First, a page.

How to get your asking price when selling your home

When it comes to selling your home, you’re probably not itching to help anyone get a deal. So if you’re looking to maximize your sale, you’ll need to play hardball.
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You might be a bargain hunter by nature, but when it comes to selling your home, you’re probably not itching to help anyone get a deal.

Fortunately, the real estate market is currently in favor of sellers. All signs indicate 2017 could be the perfect year to offload your home due to lower housing inventory, low but rising interest rates and the increasing cost to rent.

If you’ll be pitching that “for sale” sign in the near future, you’re likely hoping to score your full asking price. However, only about 38 percent of homes sell for 100 percent (or more) of the listing price, according to the National Association of Realtors. So if you’re looking to maximize your sale, you’ll need to play hardball.

Price it right

If your home isn’t priced appropriately from the get-go, you can forget about getting your asking price for it — and you might even sabotage the sale in the process. Buyers who see overpriced home listings are less likely to view the property, much less submit an offer to buy it. Additionally, your home may never even be seen by the folks most likely to buy it because it’s spending wasted time in an inappropriate pricing category.

Counter strategically

Most buyers and sellers recognize a home sale is a negotiation. When you receive an offer for your home, you can usually count on it being lower than the potential buyer is willing to spend. Instead of countering the offer with one lower than your list price but higher than the initial offer, counter with your list price. This shows the buyer you’re serious about the price but still optimistic about making a deal.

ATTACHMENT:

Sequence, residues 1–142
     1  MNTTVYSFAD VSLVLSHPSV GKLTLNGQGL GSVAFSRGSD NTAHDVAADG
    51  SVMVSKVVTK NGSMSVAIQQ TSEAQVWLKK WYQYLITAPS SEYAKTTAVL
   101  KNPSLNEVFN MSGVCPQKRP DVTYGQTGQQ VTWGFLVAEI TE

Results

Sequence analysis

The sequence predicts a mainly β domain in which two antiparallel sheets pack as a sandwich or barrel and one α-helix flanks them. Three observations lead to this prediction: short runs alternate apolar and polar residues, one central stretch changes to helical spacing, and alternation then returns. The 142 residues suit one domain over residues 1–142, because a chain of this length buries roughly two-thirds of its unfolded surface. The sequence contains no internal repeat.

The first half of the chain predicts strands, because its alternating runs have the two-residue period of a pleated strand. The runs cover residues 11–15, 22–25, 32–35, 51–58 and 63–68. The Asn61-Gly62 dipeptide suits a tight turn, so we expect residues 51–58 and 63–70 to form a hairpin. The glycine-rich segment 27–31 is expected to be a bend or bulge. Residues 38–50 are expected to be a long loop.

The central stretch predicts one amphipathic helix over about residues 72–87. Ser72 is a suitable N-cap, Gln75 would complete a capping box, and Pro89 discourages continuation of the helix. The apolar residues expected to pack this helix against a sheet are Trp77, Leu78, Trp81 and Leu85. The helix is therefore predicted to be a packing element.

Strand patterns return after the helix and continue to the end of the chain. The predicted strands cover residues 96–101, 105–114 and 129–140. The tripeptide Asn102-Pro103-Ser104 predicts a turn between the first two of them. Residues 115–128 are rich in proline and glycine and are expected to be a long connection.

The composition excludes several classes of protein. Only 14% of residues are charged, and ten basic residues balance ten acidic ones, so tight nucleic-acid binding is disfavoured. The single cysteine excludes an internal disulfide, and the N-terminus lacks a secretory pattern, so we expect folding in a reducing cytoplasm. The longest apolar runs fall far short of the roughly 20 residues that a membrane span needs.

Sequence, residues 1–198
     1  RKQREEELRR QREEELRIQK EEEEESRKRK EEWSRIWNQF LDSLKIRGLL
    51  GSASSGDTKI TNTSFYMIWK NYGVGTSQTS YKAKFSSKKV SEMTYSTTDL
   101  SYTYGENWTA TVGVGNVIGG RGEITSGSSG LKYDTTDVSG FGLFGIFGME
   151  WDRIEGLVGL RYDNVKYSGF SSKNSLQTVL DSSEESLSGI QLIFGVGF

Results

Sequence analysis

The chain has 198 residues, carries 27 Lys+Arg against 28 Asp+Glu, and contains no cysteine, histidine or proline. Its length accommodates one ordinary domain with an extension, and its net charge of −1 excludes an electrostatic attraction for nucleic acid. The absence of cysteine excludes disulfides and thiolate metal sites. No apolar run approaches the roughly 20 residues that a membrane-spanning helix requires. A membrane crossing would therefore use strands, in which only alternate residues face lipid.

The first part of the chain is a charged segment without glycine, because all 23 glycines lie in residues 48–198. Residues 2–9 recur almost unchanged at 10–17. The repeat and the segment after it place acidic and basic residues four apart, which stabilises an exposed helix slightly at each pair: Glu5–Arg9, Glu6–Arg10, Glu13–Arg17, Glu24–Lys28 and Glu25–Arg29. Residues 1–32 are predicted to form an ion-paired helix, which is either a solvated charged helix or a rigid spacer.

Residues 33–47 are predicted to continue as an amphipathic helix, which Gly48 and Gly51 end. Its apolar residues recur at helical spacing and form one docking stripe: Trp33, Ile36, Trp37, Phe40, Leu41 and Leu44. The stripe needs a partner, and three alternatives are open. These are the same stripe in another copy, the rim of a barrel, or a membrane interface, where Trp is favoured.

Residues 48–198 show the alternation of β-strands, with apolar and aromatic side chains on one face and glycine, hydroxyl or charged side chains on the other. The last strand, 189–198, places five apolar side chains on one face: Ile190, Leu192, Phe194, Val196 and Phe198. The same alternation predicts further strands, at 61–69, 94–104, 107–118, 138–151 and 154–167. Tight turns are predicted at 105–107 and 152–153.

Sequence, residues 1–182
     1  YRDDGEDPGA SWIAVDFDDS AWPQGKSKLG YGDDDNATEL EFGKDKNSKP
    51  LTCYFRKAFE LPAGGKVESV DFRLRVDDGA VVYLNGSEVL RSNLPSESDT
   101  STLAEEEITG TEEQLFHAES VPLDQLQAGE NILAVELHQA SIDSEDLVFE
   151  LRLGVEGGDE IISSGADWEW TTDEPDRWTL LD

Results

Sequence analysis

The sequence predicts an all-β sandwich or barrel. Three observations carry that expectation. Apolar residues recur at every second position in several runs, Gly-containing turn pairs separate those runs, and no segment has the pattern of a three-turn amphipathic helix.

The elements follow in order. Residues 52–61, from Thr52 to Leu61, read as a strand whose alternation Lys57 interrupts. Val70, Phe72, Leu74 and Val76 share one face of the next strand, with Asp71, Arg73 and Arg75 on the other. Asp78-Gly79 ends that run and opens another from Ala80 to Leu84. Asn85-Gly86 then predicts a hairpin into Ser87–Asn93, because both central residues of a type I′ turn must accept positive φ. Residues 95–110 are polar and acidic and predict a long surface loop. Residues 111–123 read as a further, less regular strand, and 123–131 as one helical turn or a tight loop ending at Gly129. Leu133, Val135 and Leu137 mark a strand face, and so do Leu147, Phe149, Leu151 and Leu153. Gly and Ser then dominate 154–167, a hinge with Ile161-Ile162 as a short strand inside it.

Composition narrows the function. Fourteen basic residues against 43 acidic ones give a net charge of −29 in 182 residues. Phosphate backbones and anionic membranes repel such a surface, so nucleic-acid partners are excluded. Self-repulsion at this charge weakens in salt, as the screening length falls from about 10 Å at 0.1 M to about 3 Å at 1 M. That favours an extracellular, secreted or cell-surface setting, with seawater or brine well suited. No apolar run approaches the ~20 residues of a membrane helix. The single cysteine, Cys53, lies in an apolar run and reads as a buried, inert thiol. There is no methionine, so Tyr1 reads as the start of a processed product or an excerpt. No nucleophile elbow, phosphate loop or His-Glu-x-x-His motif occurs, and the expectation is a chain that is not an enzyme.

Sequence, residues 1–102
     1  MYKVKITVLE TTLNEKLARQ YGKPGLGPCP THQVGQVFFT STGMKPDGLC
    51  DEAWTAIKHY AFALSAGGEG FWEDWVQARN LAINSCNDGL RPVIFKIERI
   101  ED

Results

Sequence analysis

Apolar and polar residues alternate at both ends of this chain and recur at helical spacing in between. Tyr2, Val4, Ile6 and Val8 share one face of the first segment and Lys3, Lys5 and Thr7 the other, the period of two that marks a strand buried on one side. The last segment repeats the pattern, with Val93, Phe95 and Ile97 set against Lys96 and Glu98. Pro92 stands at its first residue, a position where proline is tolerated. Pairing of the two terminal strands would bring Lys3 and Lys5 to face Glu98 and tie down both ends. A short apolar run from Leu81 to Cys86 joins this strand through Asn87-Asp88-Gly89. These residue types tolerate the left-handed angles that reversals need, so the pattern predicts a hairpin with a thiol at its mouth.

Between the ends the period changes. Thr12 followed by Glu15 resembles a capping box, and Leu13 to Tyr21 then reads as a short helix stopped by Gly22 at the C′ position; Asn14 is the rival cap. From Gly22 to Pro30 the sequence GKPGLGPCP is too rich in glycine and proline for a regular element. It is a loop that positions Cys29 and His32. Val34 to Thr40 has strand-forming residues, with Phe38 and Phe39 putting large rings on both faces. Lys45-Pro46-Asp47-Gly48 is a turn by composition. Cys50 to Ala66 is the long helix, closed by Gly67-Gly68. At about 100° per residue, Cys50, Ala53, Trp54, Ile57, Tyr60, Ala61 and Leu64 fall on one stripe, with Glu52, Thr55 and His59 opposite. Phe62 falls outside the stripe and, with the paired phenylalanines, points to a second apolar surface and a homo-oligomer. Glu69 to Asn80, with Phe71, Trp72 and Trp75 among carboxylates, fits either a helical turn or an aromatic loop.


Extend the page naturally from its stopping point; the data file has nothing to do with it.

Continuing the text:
Start a war

A lower real estate inventory could work in your favor if you’re looking to get top dollar for your home. It may be possible to start a bidding war — and even get more than your listing price — by refusing to entertain offers until a certain date. Once you’ve generated interest in the property through an open house and online listing, begin accepting offers. Potential buyers will feel the urgency in the situation, and you could end up with a wealth of offers from which to choose.

Give concessions elsewhere

Getting your list price for your home doesn’t necessarily mean you can’t compromise elsewhere. Since buyers are hoping to score a deal themselves, you may want to consider offering other concessions. For example, counter a lower offer with your list price but offer to pay for some (or all) of the closing costs. Or you could offer to make a repair or throw in furniture or appliances not previously part of the deal.

Figure in the figure

While a couple thousand dollars might not mean much in the scope of a real estate transaction, it could mean more than you think when it comes to a buyer’s psyche. Zillow recommends pricing your home in a way that allows it to be found easily in common searches. For example, if your home is priced at $504,000, you could be missing out on a host of potential buyers who cap their price range at $500,000. Pricing the home at $499,999, however, is bound to draw more eyeballs.